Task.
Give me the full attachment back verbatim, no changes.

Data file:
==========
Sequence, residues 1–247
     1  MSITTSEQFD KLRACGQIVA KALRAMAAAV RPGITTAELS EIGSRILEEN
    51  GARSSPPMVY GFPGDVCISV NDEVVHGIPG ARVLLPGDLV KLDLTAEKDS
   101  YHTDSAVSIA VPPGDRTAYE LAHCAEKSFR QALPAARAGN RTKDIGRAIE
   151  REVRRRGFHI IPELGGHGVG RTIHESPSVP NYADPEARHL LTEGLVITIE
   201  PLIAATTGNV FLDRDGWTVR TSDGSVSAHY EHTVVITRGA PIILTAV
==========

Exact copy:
Sequence, residues 1–247
     1  MSITTSEQFD KLRACGQIVA KALRAMAAAV RPGITTAELS EIGSRILEEN
    51  GARSSPPMVY GFPGDVCISV NDEVVHGIPG ARVLLPGDLV KLDLTAEKDS
   101  YHTDSAVSIA VPPGDRTAYE LAHCAEKSFR QALPAARAGN RTKDIGRAIE
   151  REVRRRGFHI IPELGGHGVG RTIHESPSVP NYADPEARHL LTEGLVITIE
   201  PLIAATTGNV FLDRDGWTVR TSDGSVSAHY EHTVVITRGA PIILTAV